V. The Modern Period, 1789–1914 > H. North America, 1789–1914 > 3. British North America, 1789–1914
  The Encyclopedia of World History.  2001.
(See 1763, Oct. 7) (See 1783–87)
3. British North America, 1789–1914
a. Overview
The period between the American Revolution and the 1880s witnessed major transformations in Canadian society. The country made the transition from a political economy shaped by British mercantilism to a new system of free trade, industrialization, and urbanization. During this period, the nation also attracted large numbers of new immigrants, moved into the western territories, and gradually brought disparate provinces into a larger national union. Significant class, regional, and racial factors nonetheless shaped the nation's history, but they did not erupt into a bloody civil war (between Europeans, as in the United States) partly because they were legally defined and institutionalized from the outset.  1
Canada's European population increased from an estimated 250,000 in 1791 to over 1.6 million in 1845. By the 1870s, the nation's population had increased to nearly 4 million. Although French-speaking Canadians outnumbered other nationality groups during the early years, by the 1840s English-speaking Canadians surpassed their French-speaking counterparts in numbers. With the repeal of the British Corn Laws (See 1846, June 26) during the 1840s and the rise of free trade policies thereafter, the Canadian economy experienced the beginnings of a fundamental reorientation toward industrialism. New manufacturing establishments slowly emerged, cities expanded, and improvements in transportation and communication proceeded apace. By the 1860s and 1870s, new urban industrial elites increasingly displaced an earlier commercial elite with close ties to agricultural production. Nonetheless, for most of this period the old commercial elite dominated the economy, society, and politics of the nation. They controlled the provincial governments and made policies that reinforced their control of the nation's resources. White workers, women, African Canadians, and Native Americans found it difficult to reverse patterns of inequality that subordinated them within the Canadian political economy. Moreover, the cleavage between French- and English-speaking Canadians persisted.  2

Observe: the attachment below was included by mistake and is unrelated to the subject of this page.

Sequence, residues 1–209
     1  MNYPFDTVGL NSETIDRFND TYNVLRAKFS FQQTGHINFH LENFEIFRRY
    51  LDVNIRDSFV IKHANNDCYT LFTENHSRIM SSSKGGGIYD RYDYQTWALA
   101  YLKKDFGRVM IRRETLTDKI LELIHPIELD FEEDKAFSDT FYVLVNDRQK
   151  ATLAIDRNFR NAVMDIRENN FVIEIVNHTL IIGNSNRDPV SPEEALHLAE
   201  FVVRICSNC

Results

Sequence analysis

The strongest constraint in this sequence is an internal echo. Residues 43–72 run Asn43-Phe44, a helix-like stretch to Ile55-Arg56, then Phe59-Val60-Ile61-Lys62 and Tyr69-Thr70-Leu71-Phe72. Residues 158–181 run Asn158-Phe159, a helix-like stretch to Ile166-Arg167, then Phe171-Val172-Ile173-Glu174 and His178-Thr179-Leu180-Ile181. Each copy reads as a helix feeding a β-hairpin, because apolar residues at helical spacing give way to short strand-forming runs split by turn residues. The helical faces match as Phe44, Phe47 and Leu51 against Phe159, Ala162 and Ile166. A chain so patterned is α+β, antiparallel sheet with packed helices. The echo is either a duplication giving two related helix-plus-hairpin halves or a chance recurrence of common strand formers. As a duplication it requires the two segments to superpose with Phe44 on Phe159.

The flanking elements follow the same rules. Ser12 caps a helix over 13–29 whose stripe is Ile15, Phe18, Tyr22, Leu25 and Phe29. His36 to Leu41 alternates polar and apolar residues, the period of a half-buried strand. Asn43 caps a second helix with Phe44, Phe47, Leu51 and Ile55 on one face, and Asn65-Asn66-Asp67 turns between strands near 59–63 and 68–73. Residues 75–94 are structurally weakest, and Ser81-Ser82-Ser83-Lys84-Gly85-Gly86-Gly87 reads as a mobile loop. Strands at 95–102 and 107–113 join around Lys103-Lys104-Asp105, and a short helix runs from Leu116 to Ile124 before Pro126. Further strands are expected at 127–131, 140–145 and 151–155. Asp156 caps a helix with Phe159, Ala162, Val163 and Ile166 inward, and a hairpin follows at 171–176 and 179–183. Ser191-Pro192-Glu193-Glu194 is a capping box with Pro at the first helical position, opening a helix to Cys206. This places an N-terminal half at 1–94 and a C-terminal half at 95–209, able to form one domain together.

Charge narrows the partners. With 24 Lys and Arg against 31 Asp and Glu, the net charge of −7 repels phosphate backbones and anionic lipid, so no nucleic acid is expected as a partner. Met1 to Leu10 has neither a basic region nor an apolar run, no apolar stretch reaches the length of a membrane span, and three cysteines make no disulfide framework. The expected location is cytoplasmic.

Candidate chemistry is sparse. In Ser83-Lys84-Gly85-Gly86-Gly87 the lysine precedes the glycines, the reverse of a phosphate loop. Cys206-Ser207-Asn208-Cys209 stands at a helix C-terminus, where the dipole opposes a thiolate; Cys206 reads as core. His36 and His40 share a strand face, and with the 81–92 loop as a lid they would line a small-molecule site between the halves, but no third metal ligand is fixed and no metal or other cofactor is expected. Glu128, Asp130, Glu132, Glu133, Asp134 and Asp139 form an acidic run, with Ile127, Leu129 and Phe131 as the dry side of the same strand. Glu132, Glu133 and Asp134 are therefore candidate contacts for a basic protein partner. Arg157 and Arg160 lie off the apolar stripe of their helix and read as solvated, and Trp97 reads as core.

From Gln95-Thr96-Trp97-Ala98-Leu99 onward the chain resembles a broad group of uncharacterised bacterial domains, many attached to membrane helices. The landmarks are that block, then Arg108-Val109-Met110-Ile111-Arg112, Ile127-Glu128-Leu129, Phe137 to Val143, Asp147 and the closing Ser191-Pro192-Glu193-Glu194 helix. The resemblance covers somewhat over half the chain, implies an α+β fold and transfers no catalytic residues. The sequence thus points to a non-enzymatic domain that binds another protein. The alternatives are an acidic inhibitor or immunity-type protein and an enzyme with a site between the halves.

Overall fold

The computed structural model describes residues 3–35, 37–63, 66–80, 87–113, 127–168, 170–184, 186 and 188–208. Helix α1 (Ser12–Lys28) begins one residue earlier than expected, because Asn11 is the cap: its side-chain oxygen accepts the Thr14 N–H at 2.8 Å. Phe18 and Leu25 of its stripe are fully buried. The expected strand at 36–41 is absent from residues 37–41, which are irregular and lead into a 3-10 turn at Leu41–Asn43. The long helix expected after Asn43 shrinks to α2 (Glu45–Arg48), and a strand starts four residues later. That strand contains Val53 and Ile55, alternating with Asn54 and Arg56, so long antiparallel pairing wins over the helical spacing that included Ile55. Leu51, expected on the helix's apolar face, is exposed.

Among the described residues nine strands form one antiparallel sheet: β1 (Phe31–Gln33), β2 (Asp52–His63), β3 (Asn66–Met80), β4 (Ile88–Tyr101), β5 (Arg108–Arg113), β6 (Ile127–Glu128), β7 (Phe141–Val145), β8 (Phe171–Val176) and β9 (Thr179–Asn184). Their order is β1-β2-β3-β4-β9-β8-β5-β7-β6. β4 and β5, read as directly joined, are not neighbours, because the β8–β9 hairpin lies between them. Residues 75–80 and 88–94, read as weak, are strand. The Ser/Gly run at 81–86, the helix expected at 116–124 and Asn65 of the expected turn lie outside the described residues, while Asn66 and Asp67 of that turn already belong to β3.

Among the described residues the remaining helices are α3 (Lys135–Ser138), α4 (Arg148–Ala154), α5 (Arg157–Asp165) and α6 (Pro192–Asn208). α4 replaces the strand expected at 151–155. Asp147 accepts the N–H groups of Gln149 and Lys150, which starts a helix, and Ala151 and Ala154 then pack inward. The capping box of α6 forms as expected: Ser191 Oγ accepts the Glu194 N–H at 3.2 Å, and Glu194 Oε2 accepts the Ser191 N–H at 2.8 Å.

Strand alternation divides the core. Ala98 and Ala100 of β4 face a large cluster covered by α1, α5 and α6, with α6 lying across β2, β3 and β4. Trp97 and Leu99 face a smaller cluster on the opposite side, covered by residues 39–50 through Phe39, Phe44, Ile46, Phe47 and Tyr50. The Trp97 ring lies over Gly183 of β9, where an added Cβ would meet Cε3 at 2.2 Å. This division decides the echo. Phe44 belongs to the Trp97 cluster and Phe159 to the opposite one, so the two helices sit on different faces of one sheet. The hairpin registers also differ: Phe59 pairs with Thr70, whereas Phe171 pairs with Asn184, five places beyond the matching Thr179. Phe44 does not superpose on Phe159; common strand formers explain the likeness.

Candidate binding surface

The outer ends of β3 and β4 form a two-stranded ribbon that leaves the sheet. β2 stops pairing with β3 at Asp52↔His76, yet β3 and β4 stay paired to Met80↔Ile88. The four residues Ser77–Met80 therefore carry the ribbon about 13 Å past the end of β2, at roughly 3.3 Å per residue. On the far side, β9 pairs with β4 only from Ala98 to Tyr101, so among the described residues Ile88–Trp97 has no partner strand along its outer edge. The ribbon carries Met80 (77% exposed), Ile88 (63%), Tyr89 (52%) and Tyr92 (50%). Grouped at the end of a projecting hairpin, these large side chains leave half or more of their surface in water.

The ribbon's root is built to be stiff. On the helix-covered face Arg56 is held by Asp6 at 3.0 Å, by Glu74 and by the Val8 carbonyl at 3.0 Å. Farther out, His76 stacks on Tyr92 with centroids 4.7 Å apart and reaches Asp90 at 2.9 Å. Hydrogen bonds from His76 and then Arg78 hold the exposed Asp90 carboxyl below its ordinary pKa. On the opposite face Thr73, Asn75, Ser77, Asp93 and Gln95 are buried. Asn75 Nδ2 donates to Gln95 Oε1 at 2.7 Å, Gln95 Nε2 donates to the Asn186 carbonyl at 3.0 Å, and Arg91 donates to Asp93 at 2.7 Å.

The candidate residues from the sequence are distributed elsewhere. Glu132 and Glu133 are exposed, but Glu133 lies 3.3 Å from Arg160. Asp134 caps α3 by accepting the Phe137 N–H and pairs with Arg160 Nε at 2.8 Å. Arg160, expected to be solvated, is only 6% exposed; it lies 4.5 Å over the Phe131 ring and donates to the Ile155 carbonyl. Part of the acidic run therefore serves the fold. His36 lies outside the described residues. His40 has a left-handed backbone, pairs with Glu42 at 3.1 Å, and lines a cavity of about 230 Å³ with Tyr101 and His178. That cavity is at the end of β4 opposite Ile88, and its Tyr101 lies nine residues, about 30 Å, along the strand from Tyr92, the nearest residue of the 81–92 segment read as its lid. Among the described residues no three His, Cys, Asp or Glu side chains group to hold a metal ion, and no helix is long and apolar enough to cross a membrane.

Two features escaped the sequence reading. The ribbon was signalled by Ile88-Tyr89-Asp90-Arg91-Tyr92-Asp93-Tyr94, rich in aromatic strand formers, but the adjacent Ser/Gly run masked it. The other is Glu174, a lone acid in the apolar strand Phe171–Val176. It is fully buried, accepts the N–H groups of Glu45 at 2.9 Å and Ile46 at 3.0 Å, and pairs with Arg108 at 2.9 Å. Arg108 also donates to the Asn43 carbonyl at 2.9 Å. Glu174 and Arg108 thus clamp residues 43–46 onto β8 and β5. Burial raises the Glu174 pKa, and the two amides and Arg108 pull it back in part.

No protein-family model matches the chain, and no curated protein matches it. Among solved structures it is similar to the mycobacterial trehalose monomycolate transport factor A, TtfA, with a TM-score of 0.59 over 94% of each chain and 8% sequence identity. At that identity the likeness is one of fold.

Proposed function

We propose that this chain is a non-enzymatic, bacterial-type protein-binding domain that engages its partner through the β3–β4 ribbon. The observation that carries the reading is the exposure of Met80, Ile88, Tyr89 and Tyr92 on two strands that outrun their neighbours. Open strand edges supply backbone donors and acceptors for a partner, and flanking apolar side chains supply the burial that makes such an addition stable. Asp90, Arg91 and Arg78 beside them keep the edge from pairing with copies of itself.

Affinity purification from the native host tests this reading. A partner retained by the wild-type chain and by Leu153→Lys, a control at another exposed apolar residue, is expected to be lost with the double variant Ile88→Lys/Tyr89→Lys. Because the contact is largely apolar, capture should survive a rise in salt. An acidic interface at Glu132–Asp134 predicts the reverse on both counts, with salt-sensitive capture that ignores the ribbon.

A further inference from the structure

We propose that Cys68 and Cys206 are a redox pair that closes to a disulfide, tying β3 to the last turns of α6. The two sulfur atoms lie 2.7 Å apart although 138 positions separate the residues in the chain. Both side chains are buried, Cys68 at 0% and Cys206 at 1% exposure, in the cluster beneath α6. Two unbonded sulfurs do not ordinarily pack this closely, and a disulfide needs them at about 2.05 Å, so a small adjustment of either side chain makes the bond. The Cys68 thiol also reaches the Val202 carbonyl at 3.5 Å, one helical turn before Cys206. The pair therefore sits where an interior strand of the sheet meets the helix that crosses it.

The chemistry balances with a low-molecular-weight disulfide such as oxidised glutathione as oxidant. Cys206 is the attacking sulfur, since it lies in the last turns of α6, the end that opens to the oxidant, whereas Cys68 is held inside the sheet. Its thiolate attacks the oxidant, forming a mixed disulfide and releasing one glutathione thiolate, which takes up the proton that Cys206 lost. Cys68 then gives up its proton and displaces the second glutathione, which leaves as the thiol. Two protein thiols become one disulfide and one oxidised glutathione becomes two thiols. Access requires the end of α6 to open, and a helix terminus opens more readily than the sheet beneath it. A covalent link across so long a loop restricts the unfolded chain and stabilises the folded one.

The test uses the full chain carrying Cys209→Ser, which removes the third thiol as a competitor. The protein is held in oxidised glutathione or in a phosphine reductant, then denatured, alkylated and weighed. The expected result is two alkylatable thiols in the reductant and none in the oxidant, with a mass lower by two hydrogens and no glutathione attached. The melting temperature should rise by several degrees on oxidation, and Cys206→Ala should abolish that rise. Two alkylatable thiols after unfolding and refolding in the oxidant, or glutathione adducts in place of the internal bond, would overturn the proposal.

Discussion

Despite social fragmentation, Canada experienced significant strides toward independence and sovereignty. Although it was divided between Upper Canada and Lower Canada and remained closely anchored to the British Empire following the American Revolution, it gained an expanding measure of autonomy during the 19th century. In 1840, the Union Act brought the two Canadas together in one legislature, and, following the American Civil War, the British North American Act created the Dominion of Canada. Consisting of four provinces—Ontario, Quebec, Nova Scotia, and New Brunswick—the nation moved toward even greater control over its domestic and foreign affairs.  3
The Encyclopedia of World History, Sixth edition. Peter N. Stearns, general editor. Copyright © 2001 by Houghton Mifflin Company. Maps by Mary Reilly, copyright 2001 by Houghton Mifflin Company. Published by Houghton Mifflin Company. All rights reserved.